1- Prospecting

One of the first key performance indicators and critical success factors in selling is prospecting. This is defined as your ability to get face-to-face or ear to ear with qualified prospects who can and will buy your product or service within a reasonable amount of time.

It’s a reminder that unless your prospect has a need to solve a problem they are not going to buy a product. Customers sometimes buy things spontaneously without thinking through what their actual need is. But often there is an underlying reason for a purchase even if the buyer doesn’t bring it to the surface.

2- Establish Rapport, Trust and Credibility

The second key result area of selling is establishing rapport, trust and credibility. People will not buy from you until they like you, trust you and are convinced that you are their friend and acting in their best interests.

3- Identifying Needs Accurately

The third key result area of selling is identifying needs accurately. The biggest mistake that you can make when you meet or talk to a new prospect is to assume that you already know what this prospect needs or wants and is willing to pay for. Each prospect is unique, special and different from all other prospects. He or she has special wants, needs, hopes, fears and desires. In the initial stage of your conversation with the prospect, your single focus is to ask questions and listen carefully to ascertain whether or not a genuine need for what you sell exists in the mind and heart of the person you are talking to.

Too many sales reps walk into customer meetings with their pre-canned sales decks and proudly squawk through 30 of their favorite slides without engaging the customer in a discussion.(small ears and a big mouth)

The goal is to get the customer speaking about their organisation. And the best kind of questions to ask are open-ended questions. I recommend starting with a brief overview of you, your company and your solution. And by brief I mean BRIEF! Next, I recommend putting up some example clients you’ve worked with. These references make for great discussions with customers. Remember people prefer to hear themselves speak rather than to listen to you. It’s just human nature. Write down the customer points/issues so you’ll have them for later. Ask questions the whole time. The best form of sales is “active listening” where you’re engaged in what the customer is telling you.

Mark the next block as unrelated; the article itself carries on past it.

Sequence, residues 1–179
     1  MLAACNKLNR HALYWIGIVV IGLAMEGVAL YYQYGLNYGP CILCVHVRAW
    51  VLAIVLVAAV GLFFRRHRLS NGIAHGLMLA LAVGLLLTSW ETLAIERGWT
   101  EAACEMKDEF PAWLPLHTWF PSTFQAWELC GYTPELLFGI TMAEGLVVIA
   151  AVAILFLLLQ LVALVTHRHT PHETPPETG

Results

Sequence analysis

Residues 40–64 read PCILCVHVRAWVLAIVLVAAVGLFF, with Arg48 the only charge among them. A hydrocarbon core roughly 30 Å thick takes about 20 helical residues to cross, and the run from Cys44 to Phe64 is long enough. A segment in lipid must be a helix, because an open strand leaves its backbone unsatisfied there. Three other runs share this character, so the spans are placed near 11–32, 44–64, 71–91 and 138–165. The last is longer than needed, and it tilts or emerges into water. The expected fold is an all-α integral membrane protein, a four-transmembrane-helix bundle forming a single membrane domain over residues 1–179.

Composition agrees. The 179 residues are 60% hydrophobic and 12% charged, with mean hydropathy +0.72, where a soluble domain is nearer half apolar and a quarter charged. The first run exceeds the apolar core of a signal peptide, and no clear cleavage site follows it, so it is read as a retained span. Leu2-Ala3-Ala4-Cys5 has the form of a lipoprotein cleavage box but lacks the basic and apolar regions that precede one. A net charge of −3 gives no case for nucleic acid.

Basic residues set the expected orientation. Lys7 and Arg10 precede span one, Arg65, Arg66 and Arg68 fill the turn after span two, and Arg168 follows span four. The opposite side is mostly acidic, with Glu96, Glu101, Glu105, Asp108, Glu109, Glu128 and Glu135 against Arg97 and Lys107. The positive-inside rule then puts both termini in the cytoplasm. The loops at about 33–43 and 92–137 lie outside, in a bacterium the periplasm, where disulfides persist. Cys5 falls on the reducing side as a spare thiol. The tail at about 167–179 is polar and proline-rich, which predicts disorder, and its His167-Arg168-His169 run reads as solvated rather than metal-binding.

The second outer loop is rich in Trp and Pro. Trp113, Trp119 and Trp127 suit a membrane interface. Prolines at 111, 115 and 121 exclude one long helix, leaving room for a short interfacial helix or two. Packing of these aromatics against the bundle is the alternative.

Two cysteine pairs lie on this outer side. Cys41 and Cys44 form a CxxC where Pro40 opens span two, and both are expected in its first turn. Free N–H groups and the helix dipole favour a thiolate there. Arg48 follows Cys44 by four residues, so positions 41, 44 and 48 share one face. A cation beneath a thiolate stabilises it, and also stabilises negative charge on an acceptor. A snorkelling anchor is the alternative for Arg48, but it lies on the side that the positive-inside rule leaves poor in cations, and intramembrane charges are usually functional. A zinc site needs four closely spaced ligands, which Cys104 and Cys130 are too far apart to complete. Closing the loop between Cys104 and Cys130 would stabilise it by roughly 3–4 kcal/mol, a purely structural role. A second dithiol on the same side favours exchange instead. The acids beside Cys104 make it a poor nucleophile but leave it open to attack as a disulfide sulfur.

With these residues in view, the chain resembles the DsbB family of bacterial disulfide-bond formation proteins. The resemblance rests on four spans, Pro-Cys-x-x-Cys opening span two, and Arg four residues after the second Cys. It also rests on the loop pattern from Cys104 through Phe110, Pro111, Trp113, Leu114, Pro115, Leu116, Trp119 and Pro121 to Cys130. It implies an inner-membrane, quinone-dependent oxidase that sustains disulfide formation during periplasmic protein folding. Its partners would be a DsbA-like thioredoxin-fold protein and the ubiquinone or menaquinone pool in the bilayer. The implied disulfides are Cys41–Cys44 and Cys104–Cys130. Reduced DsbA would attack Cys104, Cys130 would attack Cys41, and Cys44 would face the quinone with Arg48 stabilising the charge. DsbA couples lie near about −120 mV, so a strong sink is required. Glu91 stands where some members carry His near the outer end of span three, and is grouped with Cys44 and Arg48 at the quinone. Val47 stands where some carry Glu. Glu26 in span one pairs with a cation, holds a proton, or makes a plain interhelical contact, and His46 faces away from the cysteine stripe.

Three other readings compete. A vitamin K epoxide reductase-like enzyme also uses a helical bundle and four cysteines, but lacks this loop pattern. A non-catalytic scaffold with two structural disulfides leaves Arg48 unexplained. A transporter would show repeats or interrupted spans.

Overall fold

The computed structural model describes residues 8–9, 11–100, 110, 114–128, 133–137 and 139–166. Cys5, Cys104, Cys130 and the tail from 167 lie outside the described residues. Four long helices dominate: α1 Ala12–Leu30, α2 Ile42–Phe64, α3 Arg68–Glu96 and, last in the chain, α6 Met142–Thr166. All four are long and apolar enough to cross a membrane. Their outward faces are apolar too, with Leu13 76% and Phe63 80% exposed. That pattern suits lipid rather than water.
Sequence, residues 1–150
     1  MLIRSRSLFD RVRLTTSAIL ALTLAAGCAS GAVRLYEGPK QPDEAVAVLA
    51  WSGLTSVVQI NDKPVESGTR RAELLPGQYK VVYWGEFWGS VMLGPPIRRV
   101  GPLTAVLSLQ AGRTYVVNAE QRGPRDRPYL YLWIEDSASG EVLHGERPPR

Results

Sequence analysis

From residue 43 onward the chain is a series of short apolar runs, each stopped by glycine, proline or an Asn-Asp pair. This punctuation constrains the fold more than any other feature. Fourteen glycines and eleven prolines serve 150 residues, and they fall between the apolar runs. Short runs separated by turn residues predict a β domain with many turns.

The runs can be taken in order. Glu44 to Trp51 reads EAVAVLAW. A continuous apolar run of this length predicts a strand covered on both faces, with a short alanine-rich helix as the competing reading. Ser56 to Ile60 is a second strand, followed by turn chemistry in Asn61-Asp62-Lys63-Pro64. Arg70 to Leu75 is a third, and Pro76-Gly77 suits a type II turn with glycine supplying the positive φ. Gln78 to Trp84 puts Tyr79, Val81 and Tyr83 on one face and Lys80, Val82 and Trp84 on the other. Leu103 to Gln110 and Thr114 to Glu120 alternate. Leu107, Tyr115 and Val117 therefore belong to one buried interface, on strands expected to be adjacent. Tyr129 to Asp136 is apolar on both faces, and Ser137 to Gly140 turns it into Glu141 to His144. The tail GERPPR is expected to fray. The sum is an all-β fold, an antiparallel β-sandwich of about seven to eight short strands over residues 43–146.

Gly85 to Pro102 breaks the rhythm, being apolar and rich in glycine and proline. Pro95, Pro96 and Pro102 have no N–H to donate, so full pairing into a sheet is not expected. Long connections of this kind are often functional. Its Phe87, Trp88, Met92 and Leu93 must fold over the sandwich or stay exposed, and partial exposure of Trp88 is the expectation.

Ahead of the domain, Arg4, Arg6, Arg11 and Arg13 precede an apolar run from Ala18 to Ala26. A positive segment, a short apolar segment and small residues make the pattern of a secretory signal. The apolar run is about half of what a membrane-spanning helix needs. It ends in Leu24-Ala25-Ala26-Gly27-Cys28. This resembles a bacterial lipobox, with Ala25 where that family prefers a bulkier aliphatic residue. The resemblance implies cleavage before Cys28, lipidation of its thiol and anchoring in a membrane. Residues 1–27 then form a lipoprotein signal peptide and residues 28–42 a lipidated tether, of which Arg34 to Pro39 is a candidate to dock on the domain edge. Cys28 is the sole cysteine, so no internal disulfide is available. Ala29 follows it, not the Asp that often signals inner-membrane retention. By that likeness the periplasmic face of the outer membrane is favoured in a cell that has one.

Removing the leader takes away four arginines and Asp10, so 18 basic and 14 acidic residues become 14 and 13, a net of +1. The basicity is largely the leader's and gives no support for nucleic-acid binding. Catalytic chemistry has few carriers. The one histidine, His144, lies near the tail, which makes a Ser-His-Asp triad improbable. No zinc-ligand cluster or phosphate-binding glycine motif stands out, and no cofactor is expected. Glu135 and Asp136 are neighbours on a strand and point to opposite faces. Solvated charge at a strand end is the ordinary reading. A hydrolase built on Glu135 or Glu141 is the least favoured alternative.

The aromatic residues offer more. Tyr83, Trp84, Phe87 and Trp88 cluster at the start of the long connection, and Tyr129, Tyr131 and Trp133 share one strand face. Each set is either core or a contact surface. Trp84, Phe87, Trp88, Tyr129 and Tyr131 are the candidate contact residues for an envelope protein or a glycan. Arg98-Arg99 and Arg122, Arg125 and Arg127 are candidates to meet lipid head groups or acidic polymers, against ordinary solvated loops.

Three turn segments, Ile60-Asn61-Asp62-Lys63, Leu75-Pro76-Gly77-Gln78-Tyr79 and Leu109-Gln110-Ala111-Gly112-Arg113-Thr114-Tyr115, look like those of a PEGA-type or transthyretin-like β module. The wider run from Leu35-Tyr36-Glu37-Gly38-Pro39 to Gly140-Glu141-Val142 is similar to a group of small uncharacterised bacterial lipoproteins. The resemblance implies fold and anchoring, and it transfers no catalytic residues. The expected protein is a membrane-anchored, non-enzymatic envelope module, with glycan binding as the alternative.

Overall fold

And please resist the temptation to cut off the customer with a story of your own.

A Typical Sales Cycle:

The Sales Cycle displays the individual’s preferences using factors that are important in a typical sales cycle. It indicates the likely effectiveness of an individual in eight critical stages of the sales process and helps to determine where in a typical sales cycle this person will be most effective.

  1. Developing a Game Plan: Analysing the market in depth, putting effort into positioning products and effective sales activities.
  2. Making Contact: Contacting prospects, ‘breaking the ice’ and making people feel comfortable, taking the initiative to establish new relationships.
  3. Building Desire: Engaging the customer emotionally, creating a preference to buy and a feeling of fondness about the product or service.
  4. Creating Options: Understanding the customer’s needs and producing innovative solutions.
  5. Presenting: Presenting products and/or solutions engagingly and confidently to individuals and customer groups; feeling free of stress and worries.
  6. Closing the Sale: Bringing the business home, managing the customer for timely decisions, dealing with objections, negotiating final price and conditions of sale.
  7. Satisfying the Customer: Delivering post sales care persistently, relating to the customer and taking all steps necessary to satisfy the customer.
  8. Managing and Growing: Maintaining the customer relationship after the sale is completed, continuously looking to identify new needs and business opportunities.
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